Zohar Dayan is the CEO and Founder of Wibbitz, the online video editor for content teams. 

Over the last decade, there has been an enormous shift in the landscape of business technology. The invention and proliferation of no-code tech have revolutionized the way in which business leaders plan and execute everything from web and app development to large-scale digital transformations.

Before low-code or no-code technologies, barriers were set in place that limited who could develop and maintain web applications and projects. Companies needed large budgets and long turnaround times in order to accomplish small initiatives, creating a technological bottleneck. But no-code technology has given businesses the ability to develop and maintain complex applications with little to no engineering help. In fact, Gartner predicts that 65{a7758c3706987b952e6c06b8e84de22b0478c6ec9e4b4c13f69a9ea693861278} of all app development will be conducted in “no-code” environments by 2024. A tremendous amount of work will rely upon technologies that didn’t exist (at least in an accessible way) just a few years ago. 

This shift to greater accessibility through technology is being echoed in other spheres as well. A new type of creative technology has emerged as an invaluable tool for marketing teams, what I like to call “no-pro” tech. This category of technology enables people who lack professional or technical experience in a creative field to accomplish tasks that typically would require years of technical practice and knowledge. Everything from graphic design, animation, video editing, interactive content development and podcast production is now possible for marketing professionals with no-pro tools.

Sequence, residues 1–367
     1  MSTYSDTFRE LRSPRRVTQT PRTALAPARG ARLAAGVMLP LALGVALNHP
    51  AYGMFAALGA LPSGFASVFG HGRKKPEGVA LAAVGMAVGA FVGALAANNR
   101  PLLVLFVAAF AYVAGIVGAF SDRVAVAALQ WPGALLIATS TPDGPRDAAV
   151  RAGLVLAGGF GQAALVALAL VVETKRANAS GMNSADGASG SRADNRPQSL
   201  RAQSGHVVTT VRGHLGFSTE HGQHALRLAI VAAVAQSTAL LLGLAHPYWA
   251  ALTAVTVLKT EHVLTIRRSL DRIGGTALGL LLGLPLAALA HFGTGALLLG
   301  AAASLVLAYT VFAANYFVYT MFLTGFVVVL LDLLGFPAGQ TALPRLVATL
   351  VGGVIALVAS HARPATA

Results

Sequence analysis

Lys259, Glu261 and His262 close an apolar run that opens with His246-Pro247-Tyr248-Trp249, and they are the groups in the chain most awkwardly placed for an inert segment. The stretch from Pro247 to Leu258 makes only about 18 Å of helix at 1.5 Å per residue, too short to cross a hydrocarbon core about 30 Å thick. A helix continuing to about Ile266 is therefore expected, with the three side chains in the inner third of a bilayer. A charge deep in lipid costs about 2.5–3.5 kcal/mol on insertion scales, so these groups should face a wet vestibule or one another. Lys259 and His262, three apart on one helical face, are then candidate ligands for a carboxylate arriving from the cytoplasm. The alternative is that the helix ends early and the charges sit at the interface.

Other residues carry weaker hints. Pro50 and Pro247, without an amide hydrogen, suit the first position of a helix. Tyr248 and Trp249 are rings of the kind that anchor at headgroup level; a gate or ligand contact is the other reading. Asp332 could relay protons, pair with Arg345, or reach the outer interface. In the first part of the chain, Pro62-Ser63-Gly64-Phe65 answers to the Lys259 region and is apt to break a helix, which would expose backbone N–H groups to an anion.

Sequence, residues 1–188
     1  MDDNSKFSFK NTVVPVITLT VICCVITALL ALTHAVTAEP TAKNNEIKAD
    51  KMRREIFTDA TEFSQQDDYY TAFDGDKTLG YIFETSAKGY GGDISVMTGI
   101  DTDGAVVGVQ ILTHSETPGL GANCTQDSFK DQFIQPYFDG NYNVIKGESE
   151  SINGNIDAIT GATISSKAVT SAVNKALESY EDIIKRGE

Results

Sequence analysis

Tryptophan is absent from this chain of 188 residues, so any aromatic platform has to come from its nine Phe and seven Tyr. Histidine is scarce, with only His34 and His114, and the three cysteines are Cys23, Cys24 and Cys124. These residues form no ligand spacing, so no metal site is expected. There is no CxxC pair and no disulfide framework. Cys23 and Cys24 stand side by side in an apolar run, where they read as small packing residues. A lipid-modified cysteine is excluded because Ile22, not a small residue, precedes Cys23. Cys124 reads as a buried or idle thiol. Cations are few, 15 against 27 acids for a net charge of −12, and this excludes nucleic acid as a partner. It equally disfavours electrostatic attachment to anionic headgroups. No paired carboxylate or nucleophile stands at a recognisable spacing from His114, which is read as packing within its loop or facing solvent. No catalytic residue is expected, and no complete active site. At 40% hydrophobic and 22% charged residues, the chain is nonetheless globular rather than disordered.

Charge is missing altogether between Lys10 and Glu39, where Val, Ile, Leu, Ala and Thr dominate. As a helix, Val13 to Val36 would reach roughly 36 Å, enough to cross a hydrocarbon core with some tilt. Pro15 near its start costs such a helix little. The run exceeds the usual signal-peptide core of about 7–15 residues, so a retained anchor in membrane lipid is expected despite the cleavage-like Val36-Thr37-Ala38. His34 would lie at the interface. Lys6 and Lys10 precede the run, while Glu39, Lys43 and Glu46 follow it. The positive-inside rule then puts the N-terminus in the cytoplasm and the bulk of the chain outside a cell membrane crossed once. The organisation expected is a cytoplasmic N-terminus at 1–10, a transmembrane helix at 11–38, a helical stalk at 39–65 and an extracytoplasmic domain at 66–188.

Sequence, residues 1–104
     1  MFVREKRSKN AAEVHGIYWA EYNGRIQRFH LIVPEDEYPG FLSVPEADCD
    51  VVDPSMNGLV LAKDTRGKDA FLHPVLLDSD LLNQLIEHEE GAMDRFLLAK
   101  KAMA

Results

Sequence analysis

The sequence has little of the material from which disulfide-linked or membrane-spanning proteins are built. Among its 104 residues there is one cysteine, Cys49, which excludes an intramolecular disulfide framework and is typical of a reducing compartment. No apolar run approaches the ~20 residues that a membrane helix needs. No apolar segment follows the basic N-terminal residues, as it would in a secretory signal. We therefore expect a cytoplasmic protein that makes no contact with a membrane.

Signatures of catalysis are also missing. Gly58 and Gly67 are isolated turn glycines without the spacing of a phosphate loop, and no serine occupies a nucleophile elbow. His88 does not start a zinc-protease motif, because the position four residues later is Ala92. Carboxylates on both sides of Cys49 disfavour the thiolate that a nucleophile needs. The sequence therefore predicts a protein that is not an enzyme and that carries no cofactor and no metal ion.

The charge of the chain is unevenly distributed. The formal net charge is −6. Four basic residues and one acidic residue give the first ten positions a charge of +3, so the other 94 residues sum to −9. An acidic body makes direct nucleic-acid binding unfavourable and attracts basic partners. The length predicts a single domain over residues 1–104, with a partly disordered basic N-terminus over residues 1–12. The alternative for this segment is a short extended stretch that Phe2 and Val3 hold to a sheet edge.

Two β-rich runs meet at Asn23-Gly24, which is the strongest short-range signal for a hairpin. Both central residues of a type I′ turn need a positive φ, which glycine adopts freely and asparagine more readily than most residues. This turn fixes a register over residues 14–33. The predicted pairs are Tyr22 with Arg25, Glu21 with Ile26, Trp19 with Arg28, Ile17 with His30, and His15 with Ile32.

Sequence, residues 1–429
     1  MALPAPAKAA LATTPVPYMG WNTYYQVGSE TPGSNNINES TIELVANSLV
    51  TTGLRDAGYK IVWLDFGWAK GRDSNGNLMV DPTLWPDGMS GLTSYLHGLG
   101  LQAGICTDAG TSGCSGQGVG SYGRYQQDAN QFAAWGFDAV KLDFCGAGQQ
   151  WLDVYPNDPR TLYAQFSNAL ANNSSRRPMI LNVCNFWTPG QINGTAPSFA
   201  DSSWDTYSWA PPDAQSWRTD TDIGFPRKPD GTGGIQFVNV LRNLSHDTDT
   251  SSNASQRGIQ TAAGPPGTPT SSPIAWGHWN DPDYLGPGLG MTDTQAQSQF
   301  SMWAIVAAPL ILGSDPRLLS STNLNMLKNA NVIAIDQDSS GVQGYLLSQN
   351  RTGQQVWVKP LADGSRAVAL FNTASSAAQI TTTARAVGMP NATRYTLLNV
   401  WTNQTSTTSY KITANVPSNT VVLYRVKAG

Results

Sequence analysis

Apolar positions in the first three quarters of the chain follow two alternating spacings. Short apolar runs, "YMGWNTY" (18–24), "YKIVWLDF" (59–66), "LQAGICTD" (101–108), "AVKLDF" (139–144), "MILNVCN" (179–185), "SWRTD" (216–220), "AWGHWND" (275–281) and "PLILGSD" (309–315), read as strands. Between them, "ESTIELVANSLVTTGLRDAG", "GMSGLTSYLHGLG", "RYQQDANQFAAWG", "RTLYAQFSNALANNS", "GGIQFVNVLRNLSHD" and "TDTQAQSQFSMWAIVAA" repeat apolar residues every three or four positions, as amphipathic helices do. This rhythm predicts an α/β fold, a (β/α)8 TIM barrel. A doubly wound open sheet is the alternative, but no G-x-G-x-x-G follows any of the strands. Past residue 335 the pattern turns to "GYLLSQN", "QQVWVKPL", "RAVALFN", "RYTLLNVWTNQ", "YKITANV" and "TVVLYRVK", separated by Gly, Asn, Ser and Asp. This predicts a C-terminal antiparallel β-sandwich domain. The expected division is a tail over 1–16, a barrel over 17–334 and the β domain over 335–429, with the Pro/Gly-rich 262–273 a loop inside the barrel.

Designing The Future With No-Pro Creative

One thing is becoming increasingly clear: Remote work, in some capacity, is here to stay. This means teams are becoming more reliant on their own tech stacks to maintain efficiency and keep content production consistent. 

No-pro technology can help democratize the production of creative work. Tools like Canva, Snappa and Adobe Spark have changed the way marketers view graphic design. Teams are no longer entirely reliant on professional designers or high-priced design firms to fill content calendars. Anyone on a team, with a little time and some well-designed templates, can create beautiful graphics for social media, marketing content, sales assets or even printed materials. This is essential for the fast-paced nature of today’s digital landscape and the demand for content from today’s audiences.

When polled, marketing executives said they saw a 44{a7758c3706987b952e6c06b8e84de22b0478c6ec9e4b4c13f69a9ea693861278} increase in demand for design assets in 2020. It’s clear that marketing teams must be agile enough to go from concept to social media feed in hours — not weeks or months. 

Since no-pro technology lowers barriers to creative production, businesses are able to expand their creative workforce without actually increasing employee headcount. This means that for a fraction of the cost of outsourcing, an entire team has the ability to create professional-quality content.

How To Use No-Pro To Future-Proof Your Martech Stack

While the events of 2020 helped usher in a new era of digital marketing, no-pro innovations have eased the pain of restructuring. Marketing teams have moved from conference rooms to a digital workspace and have adopted remote work as their norm. This means that creative production processes have moved entirely online, which poses a threat to efficiency. Most no-pro technologies are cloud-based, solving pain points in production processes like feedback or transferring and management of assets.